The 2020 Miami Marlins were easily Major League Baseball's surprise team. Now it's time to see how they follow it up.
After losing 105 games and finishing last in the National League East in 2019, Miami turned the corner in Year Three of the rebuild in a shortened 60-game season by going 31–29. Extrapolated to a 162-game season, that translates to an 84-win year.
Despite a COVID-19 outbreak that sidelined 18 players, the Marlins flaunted their organizational depth en route to making the postseason for the first time since 2003. Once there, they swept the Chicago Cubs in the NL Wild Card Series before bowing out to the Atlanta Braves in the NL Division Series.
As expected, the Marlins rode their talented young starting pitching. Top prospects like Sixto Sanchez and Trevor Rogers debuted, showing flashes of brilliance and experiencing growing pains.
But how will the Marlins' young arms, veteran bats, and toolsy prospects fare over a full season? Can the team prove that being ahead of schedule in 2020 wasn't a fluke?
Opposing Scouts Size Up the Marlins
"They'll probably finish last, but then again, everybody thought the same thing last year, too. They have three legit starters in Sixto Sanchez, Pablo Lopez, and Sandy Alcantara, and while you worry about their durability over 162 games, that's a concern for everyone. Sanchez is one of the hardest-throwing starters you'll see, and he'll be leading a rotation for a long time. He could be a four-pitch guy if he gets the hang of his curveball, but I'm not sure he even needs it. The problem is that their pitchers are well ahead of their hitters; there's nothing special on offense except for Brian Anderson and Starling Marte. That was a good trade for them — Marte does a little bit of everything, and his speed and hit tool make up for the fact that he never walks. I think everyone is fascinated to see what happens with Jazz Chisholm. He has high-upside tools at Derek Jeter’s old position, and that’s what the Marlins are banking on. They need to take boom-or-bust risks because if a couple of them boom, they’ll have cost-controlled stars and offensive anchors for a while."
Beyond the Box Score
Making history Kim Ng became the first female general manager in MLB history when the Marlins hired her to replace Michael Hill in the front office. With more than 30 years of experience, three-time World Series champion Ng reunites with former Yankees Derek Jeter and Gary Denbo, among others. She also is the fifth individual in club history to hold the top position in baseball operations.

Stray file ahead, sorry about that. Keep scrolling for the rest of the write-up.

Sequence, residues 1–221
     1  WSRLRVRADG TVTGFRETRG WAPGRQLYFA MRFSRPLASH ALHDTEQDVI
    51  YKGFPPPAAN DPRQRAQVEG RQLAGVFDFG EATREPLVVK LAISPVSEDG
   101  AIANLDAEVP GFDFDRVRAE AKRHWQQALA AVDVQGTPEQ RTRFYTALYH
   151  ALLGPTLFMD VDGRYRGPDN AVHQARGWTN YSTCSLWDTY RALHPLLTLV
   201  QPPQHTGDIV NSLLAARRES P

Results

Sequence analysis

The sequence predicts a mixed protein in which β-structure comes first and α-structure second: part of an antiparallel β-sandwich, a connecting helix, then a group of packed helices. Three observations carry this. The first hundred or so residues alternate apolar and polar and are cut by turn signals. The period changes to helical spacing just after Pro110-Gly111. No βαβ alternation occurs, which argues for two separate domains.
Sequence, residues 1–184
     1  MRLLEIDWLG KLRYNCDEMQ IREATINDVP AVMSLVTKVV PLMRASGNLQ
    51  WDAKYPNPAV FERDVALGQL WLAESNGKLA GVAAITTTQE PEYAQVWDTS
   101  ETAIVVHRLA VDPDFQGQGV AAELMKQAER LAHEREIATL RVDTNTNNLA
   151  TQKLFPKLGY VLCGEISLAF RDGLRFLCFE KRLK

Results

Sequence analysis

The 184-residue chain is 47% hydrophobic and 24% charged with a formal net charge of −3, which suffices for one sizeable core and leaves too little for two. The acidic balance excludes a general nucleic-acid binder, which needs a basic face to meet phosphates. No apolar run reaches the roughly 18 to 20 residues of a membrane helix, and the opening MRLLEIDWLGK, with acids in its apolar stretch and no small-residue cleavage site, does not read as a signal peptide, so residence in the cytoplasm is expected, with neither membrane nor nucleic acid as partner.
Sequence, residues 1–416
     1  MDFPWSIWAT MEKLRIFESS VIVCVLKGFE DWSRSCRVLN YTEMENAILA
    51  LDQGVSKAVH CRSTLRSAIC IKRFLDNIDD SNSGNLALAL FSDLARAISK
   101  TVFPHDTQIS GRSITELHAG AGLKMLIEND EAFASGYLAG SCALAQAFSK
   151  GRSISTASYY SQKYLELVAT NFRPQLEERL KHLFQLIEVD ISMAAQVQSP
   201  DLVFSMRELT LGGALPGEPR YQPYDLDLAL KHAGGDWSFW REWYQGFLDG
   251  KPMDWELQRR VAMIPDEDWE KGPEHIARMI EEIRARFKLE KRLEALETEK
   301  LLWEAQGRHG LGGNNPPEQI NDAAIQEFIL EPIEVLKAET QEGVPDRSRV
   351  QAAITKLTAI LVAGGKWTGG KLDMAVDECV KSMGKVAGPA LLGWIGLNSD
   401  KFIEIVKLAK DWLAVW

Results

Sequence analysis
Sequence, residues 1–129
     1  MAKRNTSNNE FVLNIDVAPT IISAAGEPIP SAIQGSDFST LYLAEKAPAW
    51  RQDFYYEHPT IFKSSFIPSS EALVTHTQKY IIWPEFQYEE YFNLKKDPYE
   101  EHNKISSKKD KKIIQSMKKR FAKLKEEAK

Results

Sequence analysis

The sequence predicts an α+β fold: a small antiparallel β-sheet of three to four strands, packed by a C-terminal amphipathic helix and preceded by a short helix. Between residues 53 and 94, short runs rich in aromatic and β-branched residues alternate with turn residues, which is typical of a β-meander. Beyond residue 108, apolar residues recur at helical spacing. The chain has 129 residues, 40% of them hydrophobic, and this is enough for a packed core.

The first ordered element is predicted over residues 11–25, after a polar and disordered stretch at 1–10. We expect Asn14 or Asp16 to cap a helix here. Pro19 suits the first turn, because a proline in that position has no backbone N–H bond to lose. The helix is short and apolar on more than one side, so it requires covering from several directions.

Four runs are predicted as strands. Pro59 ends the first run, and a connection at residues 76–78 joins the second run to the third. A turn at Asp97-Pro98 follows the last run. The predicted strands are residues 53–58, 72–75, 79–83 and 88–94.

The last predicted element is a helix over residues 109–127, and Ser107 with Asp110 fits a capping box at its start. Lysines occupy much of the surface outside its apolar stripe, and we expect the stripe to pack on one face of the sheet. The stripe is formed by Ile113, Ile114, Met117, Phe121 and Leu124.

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Dan Greenlee (assistant general manager), Adrian Lorenzo (director of baseball operations), and Joey Nero (assistant director of baseball operations) all got front-office promotions, while Keith Johnson earned a promotion as the club's first-base coach after serving as the Triple-A manager the last two years. He also represented the Marlins at the Arizona Fall League in '19, when he managed the Salt River Rafters to an AFL championship. In another move, Lee Tressel will be the new Marlins strength and conditioning coach as he enters his third season with the organization.
New Affiliates As part of the nationwide minor league shakeup, the Marlins invited the Jacksonville Jumbo Shrimp (Triple-A), Pensacola Blue Wahoos (Double-A), Beloit Snappers (High-A), and Jupiter Hammerheads (Single-A) to join the organization's player development system. Jacksonville spent the past 12 seasons as the Marlins' Double-A affiliate, while Jupiter has been with the organization since 2002 and also serves as the spring training home. Pensacola, the 2020 Baseball America Bob Freitas Award winner for Double-A Organization of the Year, and Beloit are newcomers.
Rule 5 Draft Miami selected righthander Paul Campbell from the Rays in the major league phase. The 25-year-old went 13–8 with a 3.67 ERA across 27 games (20 starts) in 2019 between the High-A and Double-A levels. The Marlins also acquired righty Zach Pop, who underwent Tommy John surgery in '19, from the D-backs. In the minor league portion, Miami picked lefthander Jake Fishman (Blue Jays), righthander Dylan Bice (Rangers), and infielder Marcus Chiu (Dodgers).
Familiar Faces NL East and AL East clubs will square off for the second straight season. Miami went 10–10 in Interleague Play in 2020, posting winning records against the Orioles (4–0) and Yankees (2–1). The Marlins went 1–5 against the in-state rival Rays, who would advance to the Fall Classic.
Promising Finances With Wei-Yin Chen's contract (five years, $80 million) finally off the books, the young Marlins have payroll flexibility. Starling Marte ($12.5 million), Corey Dickerson ($9.5 million), Miguel Rojas ($5 million), Adam Duvall ($5 million), and Anthony Bass ($2.5 million) are the only players projected for the 2021 roster past their arbitration years. Additional help should come when a new TV deal is struck with FOX Sports Florida, which paid the Marlins an MLB-low $18 million in '19 and $20 million in '20.
LF Corey Dickerson (L)
CF Starling Marte (R)
1B Garrett Cooper (R)
3B Brian Anderson (R)
RF Adam Duvall (R)
2B Jazz Chisholm (L)
C Jorge Alfaro (R)
SS Miguel Rojas (R)
OF Lewis Brinson (R)
C Chad Wallach (R)
1B Jesus Aguilar (R)
UTL Jon Berti (R)
OF Magneuris Sierra (L)
RHP Sandy Alcantara
RHP Pablo Lopez
RHP Elieser Hernandez
RHP Sixto Sanchez
LHP Trevor Rogers
RHP Anthony Bass (C)
RHP Yimi Garcia
LHP Richard Bleier
RHP James Hoyt
RHP Adam Cimber
LHP Stephen Tarpley
RHP Paul Campbell
RHP Zach Pop